California lawmakers move forward with police reform bills, penalties for racially motivated 911 calls

A white woman called Oakland 911 on two Black men who were grilling in Lake Merritt.

A slew of criminal justice reform bills passed the Senate Public Safety Committee on Friday, and if they are signed into law, police throughout California will no longer be able to use chokeholds or rubber bullets and tear gas. They will also have to intervene if they see a fellow officer committing misconduct.

In addition, legislators approved a bill by Assemblyman Reggie Jones-Sawyer (D-Huntington Park) that would establish criminal penalties for anyone who calls 911 in order to harass Black people or any other members of a protected class. 

AB 1775 would increase the criminal penalties imposed when a person knowingly makes a false 911 call for the purpose of harassing another. The maximum penalty for making such a call would be up to $2,000 and a year in jail.

In addition, the bill will classify blatantly false reports as a form of intimidation, allowing the victim of these calls to file a lawsuit against the person who knowingly made the false report.

The bill was inspired by many racial encounters that have been recorded and fueled viral social media commentary. 

In New York City's Central Park, a white woman called 911 on a Black man because he asked her to leash her dog earlier this year. Oakland's Lake Merritt was the site of an incident involving "BBQ Becky," a white woman, who called police on two African-American men using a grill. Among many others, there was the "Permit Patty" case when a white woman called San Francisco police to report that an 8-year-old Black girl was selling bottles of water without a permit. 

“The 911 emergency system is not designed to be a dispatch center for racist or biased calls seeking police action against a law-abiding citizen," Jones-Sawyer said. "The misuse of the system by false claim against a person of color or other protected class, places that person in peril as police officials may interpret the situation incorrectly due to the nature of the false report, resulting in potentially devastating outcomes. ..Racism, intolerance and hate have no place in California." 


Oakland police deploy tear gas after a youth-led rally for George Floyd. June 1, 2020 (Frank Sosa)

Legislators also greenlighted AB 1196 by Assemblymember Mike Gipson (D-Gardena), which would bar police from using chokeholds or any other action that would cause a person to asphyxiate. The bill is based on the killings of George Floyd in Minneapolis and Eric Garner in New York; both men died after police cut off their airways.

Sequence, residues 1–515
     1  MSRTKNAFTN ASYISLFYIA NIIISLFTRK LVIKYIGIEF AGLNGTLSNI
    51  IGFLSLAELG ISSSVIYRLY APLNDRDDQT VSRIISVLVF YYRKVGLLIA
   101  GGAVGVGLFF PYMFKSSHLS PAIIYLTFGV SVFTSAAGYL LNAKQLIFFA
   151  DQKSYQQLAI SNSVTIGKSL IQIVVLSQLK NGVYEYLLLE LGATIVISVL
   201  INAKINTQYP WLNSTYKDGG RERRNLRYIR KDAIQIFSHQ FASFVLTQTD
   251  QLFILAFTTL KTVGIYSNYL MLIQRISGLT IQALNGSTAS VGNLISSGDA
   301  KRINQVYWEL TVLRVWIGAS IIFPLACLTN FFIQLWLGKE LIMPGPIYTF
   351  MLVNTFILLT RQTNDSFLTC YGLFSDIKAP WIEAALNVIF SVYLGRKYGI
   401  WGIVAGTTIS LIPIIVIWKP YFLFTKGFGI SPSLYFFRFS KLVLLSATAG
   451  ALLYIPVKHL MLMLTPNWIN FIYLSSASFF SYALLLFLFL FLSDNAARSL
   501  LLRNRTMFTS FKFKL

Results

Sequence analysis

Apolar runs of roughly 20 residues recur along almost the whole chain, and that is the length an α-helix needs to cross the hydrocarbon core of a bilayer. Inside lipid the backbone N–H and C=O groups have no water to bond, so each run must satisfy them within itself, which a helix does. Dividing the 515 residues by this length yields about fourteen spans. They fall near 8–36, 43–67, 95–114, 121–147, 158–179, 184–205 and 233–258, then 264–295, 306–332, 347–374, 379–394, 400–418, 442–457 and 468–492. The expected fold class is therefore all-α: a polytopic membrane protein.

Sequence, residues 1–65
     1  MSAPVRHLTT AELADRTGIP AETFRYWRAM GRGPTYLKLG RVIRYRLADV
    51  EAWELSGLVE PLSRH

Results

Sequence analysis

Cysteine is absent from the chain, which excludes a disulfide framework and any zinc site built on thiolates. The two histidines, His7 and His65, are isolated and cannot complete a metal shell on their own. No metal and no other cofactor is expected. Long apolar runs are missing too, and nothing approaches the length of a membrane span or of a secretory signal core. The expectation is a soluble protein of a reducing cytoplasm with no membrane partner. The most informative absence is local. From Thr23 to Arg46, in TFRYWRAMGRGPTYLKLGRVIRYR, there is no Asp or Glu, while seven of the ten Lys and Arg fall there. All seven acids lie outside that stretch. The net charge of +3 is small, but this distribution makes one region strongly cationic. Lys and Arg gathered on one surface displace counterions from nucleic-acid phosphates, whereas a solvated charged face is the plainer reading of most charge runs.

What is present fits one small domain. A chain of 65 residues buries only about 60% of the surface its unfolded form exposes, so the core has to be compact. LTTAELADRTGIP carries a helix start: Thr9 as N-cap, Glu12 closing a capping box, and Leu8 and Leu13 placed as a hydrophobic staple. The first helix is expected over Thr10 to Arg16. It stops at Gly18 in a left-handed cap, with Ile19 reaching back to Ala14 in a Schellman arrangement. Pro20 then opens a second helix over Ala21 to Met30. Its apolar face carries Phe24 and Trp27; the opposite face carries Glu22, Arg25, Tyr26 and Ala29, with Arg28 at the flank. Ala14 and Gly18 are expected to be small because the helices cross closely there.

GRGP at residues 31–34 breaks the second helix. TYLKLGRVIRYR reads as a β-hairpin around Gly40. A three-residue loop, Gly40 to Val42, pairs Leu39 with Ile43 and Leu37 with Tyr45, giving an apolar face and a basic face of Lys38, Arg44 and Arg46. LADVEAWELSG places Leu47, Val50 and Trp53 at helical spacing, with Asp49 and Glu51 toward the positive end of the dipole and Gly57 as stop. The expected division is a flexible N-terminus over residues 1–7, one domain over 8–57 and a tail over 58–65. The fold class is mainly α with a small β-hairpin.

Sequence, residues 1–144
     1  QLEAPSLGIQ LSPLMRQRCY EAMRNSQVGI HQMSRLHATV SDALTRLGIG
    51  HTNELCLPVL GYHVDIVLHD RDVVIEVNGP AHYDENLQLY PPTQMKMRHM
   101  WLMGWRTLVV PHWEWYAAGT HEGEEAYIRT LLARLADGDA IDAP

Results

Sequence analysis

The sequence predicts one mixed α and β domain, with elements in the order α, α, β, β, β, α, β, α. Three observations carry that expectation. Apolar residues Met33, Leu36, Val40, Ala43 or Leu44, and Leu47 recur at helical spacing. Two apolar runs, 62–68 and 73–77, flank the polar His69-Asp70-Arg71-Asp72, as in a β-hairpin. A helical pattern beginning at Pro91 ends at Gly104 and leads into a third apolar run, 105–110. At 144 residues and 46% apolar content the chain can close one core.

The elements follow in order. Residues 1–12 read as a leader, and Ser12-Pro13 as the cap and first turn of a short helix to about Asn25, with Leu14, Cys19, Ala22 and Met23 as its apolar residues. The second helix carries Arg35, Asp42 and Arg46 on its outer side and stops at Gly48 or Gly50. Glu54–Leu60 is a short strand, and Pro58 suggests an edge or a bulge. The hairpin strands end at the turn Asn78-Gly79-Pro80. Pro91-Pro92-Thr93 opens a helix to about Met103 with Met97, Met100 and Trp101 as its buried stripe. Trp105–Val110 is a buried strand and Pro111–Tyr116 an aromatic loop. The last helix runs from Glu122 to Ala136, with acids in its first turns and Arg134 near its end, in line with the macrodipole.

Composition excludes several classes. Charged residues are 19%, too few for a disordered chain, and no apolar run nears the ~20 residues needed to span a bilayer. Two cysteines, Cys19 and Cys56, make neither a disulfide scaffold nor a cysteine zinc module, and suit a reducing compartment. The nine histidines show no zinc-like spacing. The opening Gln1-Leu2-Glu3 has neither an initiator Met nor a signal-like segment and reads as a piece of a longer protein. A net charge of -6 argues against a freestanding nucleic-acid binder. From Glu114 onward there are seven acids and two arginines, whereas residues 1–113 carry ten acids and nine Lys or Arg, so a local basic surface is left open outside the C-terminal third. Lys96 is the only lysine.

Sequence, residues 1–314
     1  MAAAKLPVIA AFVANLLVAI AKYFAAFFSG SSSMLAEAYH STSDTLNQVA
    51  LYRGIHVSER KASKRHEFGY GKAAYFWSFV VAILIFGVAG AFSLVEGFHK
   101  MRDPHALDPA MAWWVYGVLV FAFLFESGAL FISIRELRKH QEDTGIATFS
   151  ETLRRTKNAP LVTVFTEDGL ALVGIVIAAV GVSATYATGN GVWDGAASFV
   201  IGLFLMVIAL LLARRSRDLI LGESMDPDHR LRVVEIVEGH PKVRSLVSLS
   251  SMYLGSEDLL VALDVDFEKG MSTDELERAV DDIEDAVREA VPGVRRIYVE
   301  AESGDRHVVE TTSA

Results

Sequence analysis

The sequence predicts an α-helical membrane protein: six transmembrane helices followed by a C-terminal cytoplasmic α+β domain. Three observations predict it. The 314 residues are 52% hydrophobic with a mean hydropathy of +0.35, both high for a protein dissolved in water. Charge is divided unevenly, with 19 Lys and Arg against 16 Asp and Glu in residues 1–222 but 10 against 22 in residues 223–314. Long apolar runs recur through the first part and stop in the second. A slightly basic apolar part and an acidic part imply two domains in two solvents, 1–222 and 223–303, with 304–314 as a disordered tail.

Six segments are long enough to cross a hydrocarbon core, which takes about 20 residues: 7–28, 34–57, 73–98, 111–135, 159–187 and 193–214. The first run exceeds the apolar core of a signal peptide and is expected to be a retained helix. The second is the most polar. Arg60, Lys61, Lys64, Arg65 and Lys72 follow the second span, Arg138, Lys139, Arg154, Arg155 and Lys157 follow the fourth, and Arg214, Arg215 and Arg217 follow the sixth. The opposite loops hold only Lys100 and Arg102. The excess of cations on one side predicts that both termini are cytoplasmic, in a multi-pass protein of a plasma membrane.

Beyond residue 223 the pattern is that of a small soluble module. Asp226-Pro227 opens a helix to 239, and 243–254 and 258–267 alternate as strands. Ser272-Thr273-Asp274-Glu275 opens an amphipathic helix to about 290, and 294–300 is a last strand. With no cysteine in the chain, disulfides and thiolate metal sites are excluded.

Also, the lawmakers approved AB 66 by Assemblymember Lorena Gonzalez (D-San Diego), which would prohibit police from using so-called less-lethal weapons, including rubber bullets and tear gas. Legislators specifically mentioned what they say was an unwarranted use of tear gas used on protesters following a June 1 Oakland youth rally. 

In addition, legislators OK'd AB 1022 by Assemblymember Chris Holden (D- San Gabriel Valley), which would establish clear guidelines for police responsibility and accountability when witnessing excessive force by another member of law enforcement. In addition to requiring officers to physically stop the excessive use of force, the bill would require police officers to record and report the incident in real-time to dispatch or the watch commander on duty in order to establish that officer has attempted to intervene. The bill would also prevent retaliation against officers who report violations of law of another officer to a supervisor and require that an officer who fails to intercede be disciplined in the same manner as the officer who used excessive force.

“We were outraged when we watched the killing of George Floyd by a Minneapolis police officer from a knee to the neck,” Holden said. “Equally disturbing, was the lack of intervention from the police officers who witnessed a clear use of excessive force.”

Earlier this week, the Assembly Public Safety Committee approved SB 776, authored by Senator Nancy Skinner (D-Berkeley), which will expand and strengthen public access to police misconduct records. 

The bills now head to the Senate Appropriations Committee where they will face another hearing. They could be on the governor's desk as soon as Sept. 1. 

Lisa Fernandez is a reporter for KTVU. Email Lisa at or call her at 510-874-0139. Or follow her on Twitter @ljfernandez